Discussion Question 1:
SE, a twenty-two-year-old Caucasian woman, has been diagnosed with asthma since the age of seven. Her medical records indicate that she has “mild persistent” asthma. Recently, she reports an increase in her albuterol metered-dose inhaler (MDI) usage, averaging three to four days per week over the last two months. In the past week, SE has been using albuterol once daily. She has experienced coughing episodes three nights within the last month, and shortness of breath, particularly during exercise. However, it is important to note that SE experiences shortness of breath at other times as well. SE also uses a fluticasone MDI “most days of the week.” She has been hospitalized twice in the past year due to poorly controlled asthma and visited the emergency department (ED) three times in the last six months for the same reason. SE’s lab work is within normal limits, except for a positive human chorionic gonadotropin (HCG) result.
To effectively manage asthma during pregnancy, it is essential to follow established guidelines, including those provided by the National Institutes of Health (NIH). These guidelines recommend a systematic approach to asthma management and highlight the importance of individualized care for pregnant women with asthma (Global Initiative for Asthma, 2019). SE’s case involves considerations such as asthma severity, symptom control, medication usage, and potential risks associated with her pregnancy.
Firstly, it is important to assess the severity of SE’s asthma. According to the NIH guidelines, severity can be categorized as intermittent, mild persistent, moderate persistent, or severe persistent (Global Initiative for Asthma, 2019). SE’s medical records indicate that she has “mild persistent” asthma. This classification suggests that her symptoms occur more than twice a week but less than once daily (Global Initiative for Asthma, 2019).
Next, it is important to evaluate how well her asthma symptoms are controlled. SE’s recent increase in albuterol MDI usage and her admission to the hospital and ED for poorly controlled asthma indicate a lack of effective symptom control. According to the NIH guidelines, asthma control can be classified as “well controlled,” “not well controlled,” or “very poorly controlled” (Global Initiative for Asthma, 2019). SE’s current symptom pattern suggests that her asthma is not well controlled.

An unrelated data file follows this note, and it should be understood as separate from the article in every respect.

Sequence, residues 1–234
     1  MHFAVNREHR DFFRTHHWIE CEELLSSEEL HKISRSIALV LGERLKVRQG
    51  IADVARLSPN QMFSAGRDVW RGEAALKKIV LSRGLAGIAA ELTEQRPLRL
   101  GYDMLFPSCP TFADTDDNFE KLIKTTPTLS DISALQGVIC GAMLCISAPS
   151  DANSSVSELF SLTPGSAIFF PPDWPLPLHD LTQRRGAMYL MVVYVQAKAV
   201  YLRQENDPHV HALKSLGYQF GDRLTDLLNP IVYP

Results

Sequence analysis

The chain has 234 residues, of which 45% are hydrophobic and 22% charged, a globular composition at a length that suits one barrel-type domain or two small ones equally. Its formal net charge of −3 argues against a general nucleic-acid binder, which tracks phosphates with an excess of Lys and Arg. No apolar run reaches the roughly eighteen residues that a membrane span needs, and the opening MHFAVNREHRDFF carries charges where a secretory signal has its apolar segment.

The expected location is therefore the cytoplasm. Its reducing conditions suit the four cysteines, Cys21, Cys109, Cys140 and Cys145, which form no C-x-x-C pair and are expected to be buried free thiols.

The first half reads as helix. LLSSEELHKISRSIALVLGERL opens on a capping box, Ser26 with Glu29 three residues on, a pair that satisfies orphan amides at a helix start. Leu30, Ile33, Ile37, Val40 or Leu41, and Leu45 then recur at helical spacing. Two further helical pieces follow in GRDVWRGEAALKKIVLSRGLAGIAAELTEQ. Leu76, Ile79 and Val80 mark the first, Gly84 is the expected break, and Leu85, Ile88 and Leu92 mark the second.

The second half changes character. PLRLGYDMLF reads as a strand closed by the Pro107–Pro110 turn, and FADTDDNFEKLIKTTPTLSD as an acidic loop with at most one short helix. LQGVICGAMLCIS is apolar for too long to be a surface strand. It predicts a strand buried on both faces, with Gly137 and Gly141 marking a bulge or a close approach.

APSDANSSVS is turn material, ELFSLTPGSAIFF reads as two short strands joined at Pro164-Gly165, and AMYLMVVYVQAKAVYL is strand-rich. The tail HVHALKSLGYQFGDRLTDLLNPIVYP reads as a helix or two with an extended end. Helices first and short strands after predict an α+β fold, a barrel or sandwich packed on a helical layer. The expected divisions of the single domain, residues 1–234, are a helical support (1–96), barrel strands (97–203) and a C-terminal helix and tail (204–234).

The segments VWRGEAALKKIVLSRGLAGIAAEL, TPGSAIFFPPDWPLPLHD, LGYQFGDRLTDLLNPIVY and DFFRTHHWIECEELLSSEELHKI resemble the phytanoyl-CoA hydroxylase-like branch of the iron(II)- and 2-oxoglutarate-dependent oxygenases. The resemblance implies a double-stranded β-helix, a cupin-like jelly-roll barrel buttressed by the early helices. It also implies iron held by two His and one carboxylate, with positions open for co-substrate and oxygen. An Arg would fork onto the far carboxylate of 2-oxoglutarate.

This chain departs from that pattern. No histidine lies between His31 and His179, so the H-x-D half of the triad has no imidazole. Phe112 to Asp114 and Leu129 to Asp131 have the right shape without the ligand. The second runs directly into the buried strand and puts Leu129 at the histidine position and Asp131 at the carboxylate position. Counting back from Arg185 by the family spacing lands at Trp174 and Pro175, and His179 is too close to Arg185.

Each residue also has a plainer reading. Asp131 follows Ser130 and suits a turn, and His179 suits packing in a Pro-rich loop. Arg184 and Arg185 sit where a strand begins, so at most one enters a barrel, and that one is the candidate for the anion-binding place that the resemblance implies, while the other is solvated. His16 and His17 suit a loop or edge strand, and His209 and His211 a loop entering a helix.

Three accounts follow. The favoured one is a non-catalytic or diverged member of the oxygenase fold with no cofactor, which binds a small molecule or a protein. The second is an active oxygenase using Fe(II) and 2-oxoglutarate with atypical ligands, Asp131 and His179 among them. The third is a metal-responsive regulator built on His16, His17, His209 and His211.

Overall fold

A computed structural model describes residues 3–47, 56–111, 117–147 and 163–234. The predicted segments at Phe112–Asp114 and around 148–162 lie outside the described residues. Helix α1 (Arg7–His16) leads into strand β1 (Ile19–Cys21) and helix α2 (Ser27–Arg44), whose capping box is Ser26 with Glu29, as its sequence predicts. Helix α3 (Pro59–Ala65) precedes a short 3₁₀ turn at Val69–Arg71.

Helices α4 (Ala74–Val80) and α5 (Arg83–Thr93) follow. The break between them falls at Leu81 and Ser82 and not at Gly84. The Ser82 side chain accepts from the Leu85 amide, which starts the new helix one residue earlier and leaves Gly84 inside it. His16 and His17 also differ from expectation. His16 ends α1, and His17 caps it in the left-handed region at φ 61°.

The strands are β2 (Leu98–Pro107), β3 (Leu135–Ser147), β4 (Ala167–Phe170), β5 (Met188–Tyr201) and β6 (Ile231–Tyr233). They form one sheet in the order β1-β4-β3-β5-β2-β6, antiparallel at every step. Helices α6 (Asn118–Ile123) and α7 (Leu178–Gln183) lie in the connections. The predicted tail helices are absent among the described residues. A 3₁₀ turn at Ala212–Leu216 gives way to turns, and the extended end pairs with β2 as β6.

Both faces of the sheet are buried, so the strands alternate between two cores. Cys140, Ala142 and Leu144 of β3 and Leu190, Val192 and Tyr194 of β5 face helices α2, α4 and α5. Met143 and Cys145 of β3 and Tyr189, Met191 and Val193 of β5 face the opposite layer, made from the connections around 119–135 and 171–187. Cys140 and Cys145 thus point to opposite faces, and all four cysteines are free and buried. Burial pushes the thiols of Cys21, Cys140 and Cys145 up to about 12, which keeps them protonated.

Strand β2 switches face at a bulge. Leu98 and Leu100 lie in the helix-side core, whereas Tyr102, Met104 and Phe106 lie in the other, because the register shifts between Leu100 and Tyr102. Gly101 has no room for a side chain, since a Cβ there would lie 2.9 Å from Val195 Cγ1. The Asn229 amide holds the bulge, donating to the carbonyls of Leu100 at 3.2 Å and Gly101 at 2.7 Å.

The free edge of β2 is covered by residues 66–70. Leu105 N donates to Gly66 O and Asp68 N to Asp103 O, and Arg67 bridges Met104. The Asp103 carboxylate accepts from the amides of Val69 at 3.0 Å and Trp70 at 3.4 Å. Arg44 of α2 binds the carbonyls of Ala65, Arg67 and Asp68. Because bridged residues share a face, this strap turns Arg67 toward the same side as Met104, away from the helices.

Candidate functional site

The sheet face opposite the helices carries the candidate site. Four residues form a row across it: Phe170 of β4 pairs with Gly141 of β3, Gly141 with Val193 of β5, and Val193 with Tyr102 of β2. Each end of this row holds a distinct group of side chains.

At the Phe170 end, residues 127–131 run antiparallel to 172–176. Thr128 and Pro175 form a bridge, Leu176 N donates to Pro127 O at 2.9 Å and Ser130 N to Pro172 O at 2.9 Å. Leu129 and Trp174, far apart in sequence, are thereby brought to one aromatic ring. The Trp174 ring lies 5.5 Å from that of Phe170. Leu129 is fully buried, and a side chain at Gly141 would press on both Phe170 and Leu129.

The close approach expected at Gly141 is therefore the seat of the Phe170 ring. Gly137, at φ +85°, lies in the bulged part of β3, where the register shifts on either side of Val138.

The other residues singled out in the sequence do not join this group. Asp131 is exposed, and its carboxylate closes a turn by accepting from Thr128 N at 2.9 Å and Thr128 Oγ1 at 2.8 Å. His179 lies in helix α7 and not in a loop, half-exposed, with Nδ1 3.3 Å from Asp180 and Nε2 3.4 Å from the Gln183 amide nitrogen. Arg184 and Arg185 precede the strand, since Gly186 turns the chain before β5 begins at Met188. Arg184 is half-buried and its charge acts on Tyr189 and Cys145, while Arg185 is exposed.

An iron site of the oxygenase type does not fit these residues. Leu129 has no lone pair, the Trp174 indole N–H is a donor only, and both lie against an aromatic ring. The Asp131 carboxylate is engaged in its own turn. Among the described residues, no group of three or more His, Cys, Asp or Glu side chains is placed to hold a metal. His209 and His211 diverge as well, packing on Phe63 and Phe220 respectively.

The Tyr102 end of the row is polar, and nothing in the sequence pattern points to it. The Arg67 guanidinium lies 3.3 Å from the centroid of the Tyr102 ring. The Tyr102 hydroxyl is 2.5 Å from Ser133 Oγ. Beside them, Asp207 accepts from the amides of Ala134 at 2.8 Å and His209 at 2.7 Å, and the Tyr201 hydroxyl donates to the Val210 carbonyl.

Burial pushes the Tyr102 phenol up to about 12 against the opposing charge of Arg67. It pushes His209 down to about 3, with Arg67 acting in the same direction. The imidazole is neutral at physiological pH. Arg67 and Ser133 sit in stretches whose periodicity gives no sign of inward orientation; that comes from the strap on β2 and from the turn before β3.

Considering her medication usage, SE’s reports of using albuterol MDI three to four days per week and fluticasone MDI “most days of the week” indicate a need for adjustment. The NIH guidelines recommend an individualized management plan that includes medications appropriate for asthma severity and controlling symptoms during pregnancy (Global Initiative for Asthma, 2019). SE’s increased use of albuterol MDI suggests a need for better asthma control, and her fluticasone MDI usage may need optimization.
It is important to note that pregnant women with asthma face unique considerations due to the potential risks associated with both asthma and medication usage during pregnancy. According to the NIH guidelines, uncontrolled asthma can lead to adverse outcomes for both the mother and the fetus (Global Initiative for Asthma, 2019). Poorly controlled asthma is associated with an increased risk of preterm birth, low birth weight, and maternal complications. However, it is important to balance the risks and benefits of asthma medication usage during pregnancy to ensure appropriate management (Murphy, 2018).
To proceed with a management plan for SE, it is necessary to take into account the severity and control of her asthma, her medication usage, and the potential risks associated with her pregnancy. This plan should be individualized to address SE’s specific needs and align with the guidelines provided by the NIH. Additionally, other peer-reviewed articles can be utilized to support specific aspects of the plan. Proper management of SE’s asthma during pregnancy is crucial for her well-being and the health of her unborn child.